Education Blog for Healthcare Professionals

Xarelto Dosing in Obese Patients

Stephan Moll, MD writes…  Is there a dose change or limitation for the use of Xarelto® (rivaroxaban) in very obese or underweight patients?

 

FDA Approval

Xarelto® is FDA approved for venous thromboembolism (VTE) at 15 mg bid x 3 weeks and then 20 mg qd thereafter, independent of body weight.

 

Xarelto Package Insert

The Xarelto® package insert states that “Extremes in body weight (<50 kg or >120 kg) did not influence [in phase 1 studies] (<  25%) rivaroxaban exposure” (link here).

 

Janssen’s Public Statement

This is what Janssen’s Xarelto website says (link here):  “Q:  Does the dose of Xarelto® need to be adjusted according to a patient’s body weight?  A: No dose adjustment of Xarelto® for body weight was required in patients participating in phase 2 and phase 3 clinical trials [ref 1-5]. In phase 1 trials, extremes in body weight (<50 kg or >120 kg) did not significantly influence (<25%) Xarelto® exposure. Moreover, outcomes analyses in the EINSTEIN DVT and PE trials indicated that the safety and efficacy of Xarelto® were consistent irrespective of body weight [ref 6,7]”.

 

My Clinical Approach

As limited patients with extreme body weights were studied in the phase 3 rivaroxaban trials (and the other NOACs, for that matter) , I am hesitant to use the drug in the very heavy and very light patients.  Warfarin is my treatment of choice in these patients.  However, if a very overweight patient really wants to use rivaroxaban, I obtain a trough and a 2 ½ hour peak plasma anti-Xa level to make sure that the level is roughly in the anticipated anti-Xa range – peak and trough ranges from “real-world” patients have been published [ref 8].  I would not increase or decrease rivaroxaban dose based on plasma levels, but would use another anticoagulant (warfarin) if the obese or underweight patient was not in the desired anti-Xa range.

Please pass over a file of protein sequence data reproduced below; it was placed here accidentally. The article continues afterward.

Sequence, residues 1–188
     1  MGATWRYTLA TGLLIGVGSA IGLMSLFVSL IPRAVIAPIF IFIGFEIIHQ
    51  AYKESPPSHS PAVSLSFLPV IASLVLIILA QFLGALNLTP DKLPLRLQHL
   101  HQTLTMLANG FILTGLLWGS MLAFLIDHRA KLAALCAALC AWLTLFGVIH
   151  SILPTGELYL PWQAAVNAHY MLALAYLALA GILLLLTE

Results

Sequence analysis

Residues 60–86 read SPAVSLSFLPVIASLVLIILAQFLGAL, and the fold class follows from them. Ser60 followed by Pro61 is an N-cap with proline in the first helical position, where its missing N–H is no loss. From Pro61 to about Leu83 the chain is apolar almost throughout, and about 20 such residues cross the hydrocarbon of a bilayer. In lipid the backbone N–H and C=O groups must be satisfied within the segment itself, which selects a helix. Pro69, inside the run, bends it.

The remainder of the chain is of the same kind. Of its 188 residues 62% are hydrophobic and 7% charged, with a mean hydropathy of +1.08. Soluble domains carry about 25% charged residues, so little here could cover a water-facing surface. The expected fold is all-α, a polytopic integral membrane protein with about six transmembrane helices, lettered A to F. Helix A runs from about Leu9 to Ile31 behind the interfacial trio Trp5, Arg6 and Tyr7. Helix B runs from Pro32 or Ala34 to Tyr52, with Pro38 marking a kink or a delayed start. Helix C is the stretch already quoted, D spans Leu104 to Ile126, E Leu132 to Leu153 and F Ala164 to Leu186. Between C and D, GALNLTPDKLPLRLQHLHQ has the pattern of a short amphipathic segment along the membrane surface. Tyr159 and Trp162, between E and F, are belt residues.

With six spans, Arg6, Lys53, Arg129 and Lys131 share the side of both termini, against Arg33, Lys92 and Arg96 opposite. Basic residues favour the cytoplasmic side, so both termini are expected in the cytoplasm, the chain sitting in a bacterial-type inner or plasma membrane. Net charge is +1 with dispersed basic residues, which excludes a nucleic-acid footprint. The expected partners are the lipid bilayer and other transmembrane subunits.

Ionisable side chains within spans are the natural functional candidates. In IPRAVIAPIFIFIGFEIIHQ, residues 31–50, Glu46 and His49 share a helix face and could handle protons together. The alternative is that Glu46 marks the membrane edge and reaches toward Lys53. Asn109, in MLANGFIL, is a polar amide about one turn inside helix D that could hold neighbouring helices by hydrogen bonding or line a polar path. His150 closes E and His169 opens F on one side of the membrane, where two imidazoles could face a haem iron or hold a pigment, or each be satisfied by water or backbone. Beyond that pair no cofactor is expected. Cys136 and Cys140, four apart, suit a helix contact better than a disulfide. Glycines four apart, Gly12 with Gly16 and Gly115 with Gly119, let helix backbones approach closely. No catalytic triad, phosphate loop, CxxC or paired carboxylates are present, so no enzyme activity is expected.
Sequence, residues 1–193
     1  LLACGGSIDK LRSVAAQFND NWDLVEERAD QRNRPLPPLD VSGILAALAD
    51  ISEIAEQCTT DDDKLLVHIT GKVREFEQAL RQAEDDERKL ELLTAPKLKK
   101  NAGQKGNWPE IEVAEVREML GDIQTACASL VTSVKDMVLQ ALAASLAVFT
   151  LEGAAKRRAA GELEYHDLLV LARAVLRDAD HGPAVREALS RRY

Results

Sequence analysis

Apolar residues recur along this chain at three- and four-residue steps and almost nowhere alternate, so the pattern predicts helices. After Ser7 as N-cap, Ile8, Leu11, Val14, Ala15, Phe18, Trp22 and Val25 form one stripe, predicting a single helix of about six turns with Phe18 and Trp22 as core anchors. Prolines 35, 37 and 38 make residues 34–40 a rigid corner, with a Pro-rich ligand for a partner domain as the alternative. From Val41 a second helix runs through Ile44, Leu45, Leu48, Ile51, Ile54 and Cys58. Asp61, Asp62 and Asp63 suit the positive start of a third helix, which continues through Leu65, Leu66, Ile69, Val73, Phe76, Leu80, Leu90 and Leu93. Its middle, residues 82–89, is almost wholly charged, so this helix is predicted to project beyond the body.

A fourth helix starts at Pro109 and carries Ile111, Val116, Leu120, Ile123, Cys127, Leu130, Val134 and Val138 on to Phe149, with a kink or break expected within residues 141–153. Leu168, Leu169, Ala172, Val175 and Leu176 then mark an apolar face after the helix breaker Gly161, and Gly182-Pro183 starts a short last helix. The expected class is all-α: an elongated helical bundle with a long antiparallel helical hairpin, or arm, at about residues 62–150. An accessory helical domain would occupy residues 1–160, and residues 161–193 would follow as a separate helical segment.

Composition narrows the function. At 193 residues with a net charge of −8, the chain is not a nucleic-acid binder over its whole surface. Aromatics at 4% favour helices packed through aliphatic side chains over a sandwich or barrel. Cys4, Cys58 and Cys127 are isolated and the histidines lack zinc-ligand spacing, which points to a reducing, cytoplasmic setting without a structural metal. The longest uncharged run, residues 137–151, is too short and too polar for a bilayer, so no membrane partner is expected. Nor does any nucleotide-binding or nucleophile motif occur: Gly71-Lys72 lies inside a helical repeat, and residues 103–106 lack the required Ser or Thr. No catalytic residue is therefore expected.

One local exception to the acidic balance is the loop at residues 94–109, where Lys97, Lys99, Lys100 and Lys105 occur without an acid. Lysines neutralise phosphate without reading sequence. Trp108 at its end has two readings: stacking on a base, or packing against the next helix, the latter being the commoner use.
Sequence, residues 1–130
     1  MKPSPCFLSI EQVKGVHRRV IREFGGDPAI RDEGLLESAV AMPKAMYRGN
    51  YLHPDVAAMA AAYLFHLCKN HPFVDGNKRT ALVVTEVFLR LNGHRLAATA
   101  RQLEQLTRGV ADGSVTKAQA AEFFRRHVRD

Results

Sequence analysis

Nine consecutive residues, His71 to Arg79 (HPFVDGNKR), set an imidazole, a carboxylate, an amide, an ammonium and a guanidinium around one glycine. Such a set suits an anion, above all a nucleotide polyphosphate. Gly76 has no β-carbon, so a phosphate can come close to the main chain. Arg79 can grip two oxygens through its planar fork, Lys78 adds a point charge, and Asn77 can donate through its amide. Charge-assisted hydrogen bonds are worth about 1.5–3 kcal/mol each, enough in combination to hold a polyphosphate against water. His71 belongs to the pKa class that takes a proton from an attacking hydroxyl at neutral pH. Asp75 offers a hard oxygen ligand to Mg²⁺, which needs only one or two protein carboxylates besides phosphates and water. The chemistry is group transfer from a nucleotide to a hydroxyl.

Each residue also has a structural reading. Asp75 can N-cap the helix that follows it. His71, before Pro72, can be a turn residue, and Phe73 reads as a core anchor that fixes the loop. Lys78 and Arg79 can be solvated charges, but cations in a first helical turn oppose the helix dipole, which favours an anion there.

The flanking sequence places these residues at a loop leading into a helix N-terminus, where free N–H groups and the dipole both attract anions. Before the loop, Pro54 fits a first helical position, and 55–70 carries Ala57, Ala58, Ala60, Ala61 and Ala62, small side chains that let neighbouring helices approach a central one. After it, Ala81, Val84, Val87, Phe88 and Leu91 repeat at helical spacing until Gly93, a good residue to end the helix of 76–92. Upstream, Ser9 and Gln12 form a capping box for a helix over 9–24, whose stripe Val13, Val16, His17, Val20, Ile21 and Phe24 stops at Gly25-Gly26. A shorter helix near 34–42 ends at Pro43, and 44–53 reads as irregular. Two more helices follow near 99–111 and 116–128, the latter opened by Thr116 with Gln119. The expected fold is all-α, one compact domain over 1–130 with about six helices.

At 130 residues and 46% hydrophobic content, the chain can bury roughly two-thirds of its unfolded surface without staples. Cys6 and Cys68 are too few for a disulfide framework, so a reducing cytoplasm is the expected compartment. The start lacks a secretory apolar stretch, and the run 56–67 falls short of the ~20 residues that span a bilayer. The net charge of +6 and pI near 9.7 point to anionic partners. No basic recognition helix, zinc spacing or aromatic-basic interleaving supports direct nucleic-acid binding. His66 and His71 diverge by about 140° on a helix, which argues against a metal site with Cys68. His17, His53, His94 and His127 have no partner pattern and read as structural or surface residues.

References

  1. The EINSTEIN Investigators. Oral rivaroxaban for symptomatic venous thromboembolism. N Engl J Med. 2010;363(26):2499‐2510.
  2. The EINSTEIN–PE Investigators. Oral rivaroxaban for the treatment of symptomatic pulmonary embolism. N Engl J Med. 2012;366(14):1287-1297.
  3. Büller HR et al. A dose-ranging study evaluating once‐daily oral administration of the factor Xa inhibitor rivaroxaban in the treatment of patients with acute symptomatic deep vein thrombosis: the Einstein-DVT Dose‐Ranging Study. Blood. 2008;112(6):2242-2247.
  4. Agnelli G et al. Treatment of proximal deep‐vein thrombosis with the oral direct Factor Xa inhibitor rivaroxaban (BAY 59‐7939): the ODIXa–DVT (Oral Direct Factor Xa Inhibitor BAY 59-7939 in Patients With Acute Symptomatic Deep‐Vein Thrombosis) study. Circulation. 2007;116(2):180-187.
  5. Patel MR et al. Rivaroxaban versus warfarin in nonvalvular atrial fibrillation. N Engl J Med. 2011;365(10):883‐891.
  6. Online supplement to: The EINSTEIN–PE Investigators. Oral rivaroxaban for the treatment of symptomatic pulmonary embolism. N Engl J Med. 2012;366(14):1287-1297. Link here. Accessed Sept 9, 2014.
  7. Online supplement to: The EINSTEIN Investigators. Oral rivaroxaban for symptomatic venous thromboembolism. N Engl J Med. 2010;363(26):2499-2510. Link here. Accessed Sept 9, 2014.
  8. Francart SJ et al. Performance of coagulation tests in patients on therapeutic doses of rivaroxaban. A cross-sectional pharmacodynamic study based on peal and trough plasma levels.  Thromb Haemost. 2014 Jan 9;111(5):1153-69 [Epub ahead of print].

 

Disclosure: I have consulted for Janssen, Daiichi, Boehringer Ingelheim.

Last updated: Sept 9th, 2014

 

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